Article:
Edwin “Bud” Shrake was already famous in 1972 when he wrote Strange Peaches, his sprawling, hallucinogenic novel set in Dallas at the time of the Kennedy assassination. Besides being one of Sports Illustrated’s literary sportswriters, Shrake had written several novels and screenplays and was a founding member of Mad Dog Inc., the legendary cabal of fun-loving, hard-partying Texas writers, politicians, and musicians that included Gary Cartwright, Peter Gent, Dan Jenkins, Larry L. King, Willie Nelson, Jerry Jeff Walker, and future governor Ann Richards. But before he was all that, Shrake was a sports reporter in Dallas. He knew the city and nearly everybody in it, including Jack Ruby, who is a character in his book. In fact, at the time of the assassination, Shrake was dating a woman named Jada, one of Ruby’s strippers, which caused the hot-headed, pill-popping Ruby to pick a fight with Shrake several days before the shooting.
The way Shrake describes Dallas at the time, everybody here was popping pills, drinking, smoking dope, and having sex with each other. The book is nonstop debauchery, with occasional breaks taken to remember earlier sex acts and failed marriages. No character is particularly likeable, including the protagonist, John Lee Wallace, a TV cowboy who abruptly hangs up his spurs to come home to Dallas and make a documentary about “what’s really going on.” Mostly what he and his photographer buddy, Buster, film is arbitrary moments that don’t add up to anything. But then, almost by accident, they find themselves filming the Kennedy motorcade. Wallace and the president lock eyes for a very long moment. Then the shots ring out, and Buster’s camera catches Kennedy’s skull being blown apart. Later, they realize, it also captures several of the gunmen in the background. They develop the film and show it to their friends, but then it all gets eaten by a goat someone left in his apartment.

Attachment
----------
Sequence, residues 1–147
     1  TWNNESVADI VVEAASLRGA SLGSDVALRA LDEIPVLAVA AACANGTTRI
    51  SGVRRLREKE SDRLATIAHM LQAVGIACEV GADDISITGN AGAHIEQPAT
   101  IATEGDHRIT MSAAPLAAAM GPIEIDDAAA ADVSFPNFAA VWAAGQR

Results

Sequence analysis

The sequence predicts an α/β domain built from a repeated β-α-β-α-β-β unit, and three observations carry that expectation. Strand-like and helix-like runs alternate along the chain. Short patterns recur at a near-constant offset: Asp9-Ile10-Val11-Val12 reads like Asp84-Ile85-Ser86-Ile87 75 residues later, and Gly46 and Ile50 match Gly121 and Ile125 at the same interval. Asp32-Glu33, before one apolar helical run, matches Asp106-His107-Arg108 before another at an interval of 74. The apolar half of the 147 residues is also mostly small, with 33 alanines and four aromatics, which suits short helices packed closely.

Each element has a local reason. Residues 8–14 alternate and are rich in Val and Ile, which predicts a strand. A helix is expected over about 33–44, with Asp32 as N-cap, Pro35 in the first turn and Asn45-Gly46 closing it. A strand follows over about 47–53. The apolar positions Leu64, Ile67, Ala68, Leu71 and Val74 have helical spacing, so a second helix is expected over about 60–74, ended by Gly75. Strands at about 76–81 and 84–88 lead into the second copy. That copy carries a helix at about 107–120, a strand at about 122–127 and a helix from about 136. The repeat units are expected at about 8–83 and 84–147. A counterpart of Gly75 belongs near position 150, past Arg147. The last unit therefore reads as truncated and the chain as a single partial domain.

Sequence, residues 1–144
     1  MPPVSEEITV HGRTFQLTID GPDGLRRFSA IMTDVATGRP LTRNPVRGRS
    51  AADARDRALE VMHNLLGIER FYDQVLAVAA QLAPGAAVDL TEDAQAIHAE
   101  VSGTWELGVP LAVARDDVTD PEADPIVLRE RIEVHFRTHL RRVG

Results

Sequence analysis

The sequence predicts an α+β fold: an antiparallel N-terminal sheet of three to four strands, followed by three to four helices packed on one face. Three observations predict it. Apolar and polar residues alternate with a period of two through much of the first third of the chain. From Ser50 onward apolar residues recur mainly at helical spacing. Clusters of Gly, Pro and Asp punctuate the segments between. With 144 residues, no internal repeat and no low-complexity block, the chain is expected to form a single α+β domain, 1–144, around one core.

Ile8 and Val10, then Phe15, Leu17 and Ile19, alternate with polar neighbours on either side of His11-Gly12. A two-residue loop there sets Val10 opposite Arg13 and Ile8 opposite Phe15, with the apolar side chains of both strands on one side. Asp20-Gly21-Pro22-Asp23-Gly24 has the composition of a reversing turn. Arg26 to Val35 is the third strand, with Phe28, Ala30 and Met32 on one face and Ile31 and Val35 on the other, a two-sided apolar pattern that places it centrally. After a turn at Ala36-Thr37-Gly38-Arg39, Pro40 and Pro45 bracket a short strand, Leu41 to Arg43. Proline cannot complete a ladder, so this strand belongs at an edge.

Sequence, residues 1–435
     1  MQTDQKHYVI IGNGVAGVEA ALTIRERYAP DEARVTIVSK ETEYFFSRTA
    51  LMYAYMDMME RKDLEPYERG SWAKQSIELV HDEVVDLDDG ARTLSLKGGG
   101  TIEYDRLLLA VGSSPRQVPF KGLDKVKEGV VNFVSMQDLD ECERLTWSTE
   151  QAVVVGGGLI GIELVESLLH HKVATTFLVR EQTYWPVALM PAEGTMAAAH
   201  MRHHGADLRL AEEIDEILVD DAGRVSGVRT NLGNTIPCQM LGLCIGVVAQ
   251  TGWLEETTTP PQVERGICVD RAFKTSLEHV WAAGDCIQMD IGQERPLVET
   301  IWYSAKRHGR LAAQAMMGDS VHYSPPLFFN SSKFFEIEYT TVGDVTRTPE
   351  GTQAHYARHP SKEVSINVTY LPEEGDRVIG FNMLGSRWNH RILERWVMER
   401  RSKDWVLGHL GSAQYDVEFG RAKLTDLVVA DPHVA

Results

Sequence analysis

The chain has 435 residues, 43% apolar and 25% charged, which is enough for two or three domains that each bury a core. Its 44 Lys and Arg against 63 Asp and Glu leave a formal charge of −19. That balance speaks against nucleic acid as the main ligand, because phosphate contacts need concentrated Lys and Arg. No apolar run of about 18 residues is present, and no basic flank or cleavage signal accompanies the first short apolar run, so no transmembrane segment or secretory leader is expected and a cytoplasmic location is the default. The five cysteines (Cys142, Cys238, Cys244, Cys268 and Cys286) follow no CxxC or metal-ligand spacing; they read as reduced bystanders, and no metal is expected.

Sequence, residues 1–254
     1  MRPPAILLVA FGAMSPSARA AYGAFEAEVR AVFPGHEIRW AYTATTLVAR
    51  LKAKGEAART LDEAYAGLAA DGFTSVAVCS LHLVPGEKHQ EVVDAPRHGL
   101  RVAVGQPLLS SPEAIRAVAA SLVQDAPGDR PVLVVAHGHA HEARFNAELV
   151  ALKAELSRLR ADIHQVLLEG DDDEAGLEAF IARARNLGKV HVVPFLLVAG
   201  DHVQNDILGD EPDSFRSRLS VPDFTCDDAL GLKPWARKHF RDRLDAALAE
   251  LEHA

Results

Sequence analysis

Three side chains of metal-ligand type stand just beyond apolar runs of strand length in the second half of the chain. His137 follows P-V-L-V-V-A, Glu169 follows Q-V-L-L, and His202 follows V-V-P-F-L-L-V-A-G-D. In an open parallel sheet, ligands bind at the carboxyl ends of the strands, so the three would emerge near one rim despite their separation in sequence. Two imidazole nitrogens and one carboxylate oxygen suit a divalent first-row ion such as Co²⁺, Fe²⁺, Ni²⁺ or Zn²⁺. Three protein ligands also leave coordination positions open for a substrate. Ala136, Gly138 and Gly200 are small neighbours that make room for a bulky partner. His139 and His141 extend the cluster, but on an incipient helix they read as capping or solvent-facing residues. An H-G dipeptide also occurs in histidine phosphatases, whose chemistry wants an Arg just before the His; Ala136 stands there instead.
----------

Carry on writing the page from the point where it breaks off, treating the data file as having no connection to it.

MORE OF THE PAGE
Although Strange Peaches is still considered by some to be the greatest novel written about Dallas, reading it today, it’s hard not to wonder if the editors were so in awe of Shrake’s reputation that they couldn’t bring themselves to actually edit. It offers plenty of memorable vignettes and excellent writing, but there’s so much self-indulgence that gets in the way.
North Dallas Forty
Of all the novels set in Dallas, by far the best known is Peter Gent’s North Dallas Forty. Though it takes place in Dallas and does brilliantly capture the crazy toxicity of the city in the late 1960s, it is primarily a novel about football, not Dallas. It is a funny but extremely bitter and angry book about how professional football, particularly the never-named Dallas Cowboys, treats its players as nothing but pieces of equipment. They’re drugged up so they can play through injuries and pain, chewed up, and then spit out the moment they’re no longer useful. The way Gent, a former Cowboys player, writes it, there is no real dividing line between Dallas the team and Dallas the city. While he still has some love of the game, he has nothing but negativity for Dallas the city. This negativity might help make North Dallas Forty The Great Football Novel, but it prevents it from being The Great Dallas Novel. A novel can’t be this unrelentingly negative and hope to capture the essence of Dallas. Nobody would ever pretend this is a city without foibles. Our most noteworthy one might be our endless positivism. If you’re going to attack it, you can use a barbed lance or a bazooka but not a steamroller, which is what Gent does.